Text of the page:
We have learned that unless we have something “nice” to say, we should stay silent. Unfortunately, this drives a conflict-avoidant behavior well into our adult lives.
Even well-supported and -founded conflict resolution models (such as the Thomas-Kilmann instrument) are based on the unstated assumption that we know what we want – based on insight into what our own best interests are – and can articulate it, compare it with alternatives, and argue our case.
This fairly analytical view of conflicts skips the “quenching” mechanism coming from not feeling free to speak our minds even when it’s a dumb question or slight critique. Many teams (in fact, most teams I have ever worked with) have a huge “conflict debt”.
Legitimately opposing interests (eg between sales and delivery – does that sound familiar to anyone?) are escalated rather than resolved at an appropriate level, frequently due to our lack of conflict habituation. We avoid tough conversations, rather send an email, right?
We must un-learn the habit of only speaking up when we have something nice to say. This is not about being obnoxiously aggressive. But about acknowledging that we are actually NOT all pulling in the same direction. We often have different, even opposing objectives, sometimes to a level of win/lose.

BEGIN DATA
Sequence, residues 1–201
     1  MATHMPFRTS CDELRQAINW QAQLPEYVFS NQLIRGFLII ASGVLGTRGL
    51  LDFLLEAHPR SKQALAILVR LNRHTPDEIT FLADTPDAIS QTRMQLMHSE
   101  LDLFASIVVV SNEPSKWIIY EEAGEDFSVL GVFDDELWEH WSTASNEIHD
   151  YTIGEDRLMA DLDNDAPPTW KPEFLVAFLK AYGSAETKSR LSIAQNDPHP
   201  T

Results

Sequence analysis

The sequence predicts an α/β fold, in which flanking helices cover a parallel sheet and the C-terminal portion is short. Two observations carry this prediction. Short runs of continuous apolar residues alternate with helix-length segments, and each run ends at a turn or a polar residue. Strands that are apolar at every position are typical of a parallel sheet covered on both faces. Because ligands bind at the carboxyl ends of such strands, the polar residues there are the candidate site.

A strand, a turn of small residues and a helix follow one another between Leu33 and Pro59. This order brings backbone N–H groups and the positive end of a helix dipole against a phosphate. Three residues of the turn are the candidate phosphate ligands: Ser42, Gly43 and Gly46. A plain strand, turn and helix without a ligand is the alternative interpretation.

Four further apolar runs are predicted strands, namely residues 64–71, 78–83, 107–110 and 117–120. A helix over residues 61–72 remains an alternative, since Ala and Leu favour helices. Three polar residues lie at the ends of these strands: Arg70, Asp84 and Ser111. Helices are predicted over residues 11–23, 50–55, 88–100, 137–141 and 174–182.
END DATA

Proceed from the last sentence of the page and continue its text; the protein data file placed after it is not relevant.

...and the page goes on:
Before we can start working through our conflicts, we need to get used to their existence; expose ourselves to training in conflict habituation. This needs to be long-term; after all, we are dealing with deeply rooted behaviors.
As part of my work in team development, I offer a 9-step conflict habituation program. Each step is a small exercise, a tiny step towards being able to address conflicting interests without going full-throttle emotional about it.
Step 1 is: Explore facts (or, information presented to you as facts). Ask where they’re from or what they’re based on. Make everyone understand that you’re a team asking questions and not accepting everything as given. Do this for a week and notice how this becomes easier every time you try. Step 2-9 gently introduces increasing levels of pressure and interpersonal risk.
Only when we are relaxed about legitimate conflicts can we bring them to the surface and work on their constructive resolution. A prerequisite for teams looking to be innovative, creative, productive – and friends having fun.